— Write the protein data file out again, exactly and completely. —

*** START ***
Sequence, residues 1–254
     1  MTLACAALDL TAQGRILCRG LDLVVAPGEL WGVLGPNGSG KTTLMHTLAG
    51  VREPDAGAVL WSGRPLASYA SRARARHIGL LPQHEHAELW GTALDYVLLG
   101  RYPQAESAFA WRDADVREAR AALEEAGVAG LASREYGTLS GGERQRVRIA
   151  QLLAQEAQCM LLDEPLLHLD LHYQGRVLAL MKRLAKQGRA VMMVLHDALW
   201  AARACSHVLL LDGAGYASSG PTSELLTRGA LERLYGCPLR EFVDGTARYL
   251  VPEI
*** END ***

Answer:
Sequence, residues 1–254
     1  MTLACAALDL TAQGRILCRG LDLVVAPGEL WGVLGPNGSG KTTLMHTLAG
    51  VREPDAGAVL WSGRPLASYA SRARARHIGL LPQHEHAELW GTALDYVLLG
   101  RYPQAESAFA WRDADVREAR AALEEAGVAG LASREYGTLS GGERQRVRIA
   151  QLLAQEAQCM LLDEPLLHLD LHYQGRVLAL MKRLAKQGRA VMMVLHDALW
   201  AARACSHVLL LDGAGYASSG PTSELLTRGA LERLYGCPLR EFVDGTARYL
   251  VPEI